When Estimating Fiber Optic Systems, Experience Is the Best Teacher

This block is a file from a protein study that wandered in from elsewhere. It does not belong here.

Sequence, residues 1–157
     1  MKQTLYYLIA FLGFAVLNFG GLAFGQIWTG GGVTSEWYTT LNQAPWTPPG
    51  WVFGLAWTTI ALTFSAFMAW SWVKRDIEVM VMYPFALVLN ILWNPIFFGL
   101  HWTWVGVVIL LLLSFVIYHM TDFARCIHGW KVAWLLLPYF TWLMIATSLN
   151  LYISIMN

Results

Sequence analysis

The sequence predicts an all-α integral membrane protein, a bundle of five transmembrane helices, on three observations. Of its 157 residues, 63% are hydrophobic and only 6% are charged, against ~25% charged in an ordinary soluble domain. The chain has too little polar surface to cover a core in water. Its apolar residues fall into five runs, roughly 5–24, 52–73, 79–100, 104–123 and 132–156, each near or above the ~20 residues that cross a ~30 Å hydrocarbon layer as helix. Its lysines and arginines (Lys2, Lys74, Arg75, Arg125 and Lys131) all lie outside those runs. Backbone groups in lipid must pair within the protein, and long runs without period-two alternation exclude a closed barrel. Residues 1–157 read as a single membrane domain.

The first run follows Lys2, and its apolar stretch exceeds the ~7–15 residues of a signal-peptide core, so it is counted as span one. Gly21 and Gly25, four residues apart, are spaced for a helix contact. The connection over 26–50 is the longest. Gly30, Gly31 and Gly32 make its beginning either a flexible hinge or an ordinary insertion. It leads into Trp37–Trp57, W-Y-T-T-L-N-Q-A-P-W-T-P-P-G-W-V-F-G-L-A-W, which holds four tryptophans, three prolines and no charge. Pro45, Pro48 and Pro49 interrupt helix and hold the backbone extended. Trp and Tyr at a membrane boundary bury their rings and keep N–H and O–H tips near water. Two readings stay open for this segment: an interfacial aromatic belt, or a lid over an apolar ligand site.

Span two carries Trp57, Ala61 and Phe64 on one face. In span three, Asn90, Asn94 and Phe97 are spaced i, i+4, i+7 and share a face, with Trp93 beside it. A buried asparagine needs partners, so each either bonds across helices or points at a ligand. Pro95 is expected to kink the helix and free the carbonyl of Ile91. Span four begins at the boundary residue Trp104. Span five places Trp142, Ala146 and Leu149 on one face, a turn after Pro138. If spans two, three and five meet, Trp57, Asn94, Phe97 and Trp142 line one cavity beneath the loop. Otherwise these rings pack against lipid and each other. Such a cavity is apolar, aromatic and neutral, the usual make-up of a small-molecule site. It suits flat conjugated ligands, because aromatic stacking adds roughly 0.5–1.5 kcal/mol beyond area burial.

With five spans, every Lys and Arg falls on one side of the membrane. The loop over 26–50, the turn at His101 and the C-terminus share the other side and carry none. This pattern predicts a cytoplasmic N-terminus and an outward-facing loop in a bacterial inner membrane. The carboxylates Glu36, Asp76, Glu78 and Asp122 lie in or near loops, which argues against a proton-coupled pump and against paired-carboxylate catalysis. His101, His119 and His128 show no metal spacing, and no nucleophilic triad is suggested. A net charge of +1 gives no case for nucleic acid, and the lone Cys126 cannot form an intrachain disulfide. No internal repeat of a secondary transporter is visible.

Practically everything I know about estimating fiber optic jobs I learned from Doug Elliott. Doug is a well-known instructor who learned fiber optics from me at the first Fiber U in 1993 and is a full-time installer in the Toronto area. He must be the luckiest (or maybe unluckiest) guy around, for all the strange jobs he gets! But he knows how to look at a project and figure out its costs. Doug’s first consideration is the qualifications you need to estimate. Some are obvious, such as the ability to do math and write legibly. But you also need skills to be able to look at a job and the drawings and to visualize it in process and finished. You also need to be able to foresee problems to factor them into the estimate. A big factor is experience in doing jobs that resemble the one you are trying to estimate. An inexperienced estimator will not factor in the difficulty of pulling cables in some areas or the training necessary to learn new fiber optic connector termination techniques. Experience also teaches about the yield in installation—how many connectors will turn out to be bad or how much excess fiber optic cable will be needed for pulling, terminating, and service loops. Otherwise, estimating fiber optics is very similar to estimating any installation job. Start by reviewing the paperwork on the job and familiarizing yourself with project blueprints before you visit the site. Make certain you understand the basics, such as the scale of the drawings, the symbols and acronyms used, and the elevations of the parts of the project. The paperwork includes the “boilerplate,” the conditions of the contracts, technical specifications, permits and inspections required and provisions for penalties for deviation from an agreed-upon schedule. Some locales require inspection of fiber optic jobs; some do not. If they do, know the cost of permits and find out as much as possible about the inspection process. If the customer is sold on a particular manufacturer’s products, then be sure you specify those. This will restrict your choices of components, but you are responsible for ensuring that those products specified are appropriate for the job. If they are new to you, like a new type of fiber optic connector, you must factor in training and poorer yield in installation until you become familiar with them. You may also have to include new tools and test equipment in your estimate to deal with the unique components. A site visit is incredibly important for the estimator. Blueprints are two-dimensional, which is a poor substitute for the real world. Looking at the site will show the experienced estimator where the problems will arise. In fiber optics, the cable may have to be separated from other cables or it may be pulled in the same conduit. It can be installed in the open or in innerduct. Hardware like patch panels or boxes may have to be in hard-to-reach places to clear other hardware already in place. I’ve seen fiber optic patch panels installed 7 feet high in closets because of all of the telephone punchdowns covering the walls! It is a good time to work with the customer on the components after the site visit. Fiber optics has a lot of options, which translate to big cost variations. There are usually several types of appropriate cables for any job. Indoors, installers can use distribution or breakout cables. In some areas, installing innerduct for the fiber first can save enough installation time to pay for the innerduct and can better protect the fiber. Outdoors, the traditional gel-filled cable can now be replaced with dry water-blocked cable, which is easier to use and faster to terminate. Connectors vary in costs by a factor of three, depending on the types, and the least expensive may be the most reliable. (I will write more on that next month.) The takeoff is finally getting to the nitty-gritty. Every component must be pulled off the blueprints and the specs and transferred to the estimating sheets. Grouping components can simplify the estimating process. If you are using innerduct, you need about as much of it as you need of cable. Connectors are linked to the number of fibers, since you need two connectors for each fiber. Hardware, such as patch panels, is sized according to the fiber counts of the cables. And so on. Labor should be linked to the components also. Consult the glossary of our book The Fiber Optic Technicians Manual. Use what you learned on the site visit to factor for difficulty in installation. Don’t forget yield! You will need extra cable for service loops and terminations, not to mention getting up and down walls and around corners. You will need lots of extra connectors, as the typical yield for experienced installers using connectors they are familiar with is only about 90 percent, so they need an extra 10 percent. Don’t forget the indirect labor. Supervision, training, documentation, and even delivery to the work site need to be included. Establish with the customer what training is needed and what warranty service is expected. And don’t forget cleanup. Once you gather all this information and get a cost estimate, you can translate it into a bid. The idea is not only to get the job, but also to make a profit. Remind yourself you run a business, not a charity! HAYES is the founder of Fotec, the fiber optic test equipment company and the Cable U training programs. He can be contacted at Jh@jimhayes.com.

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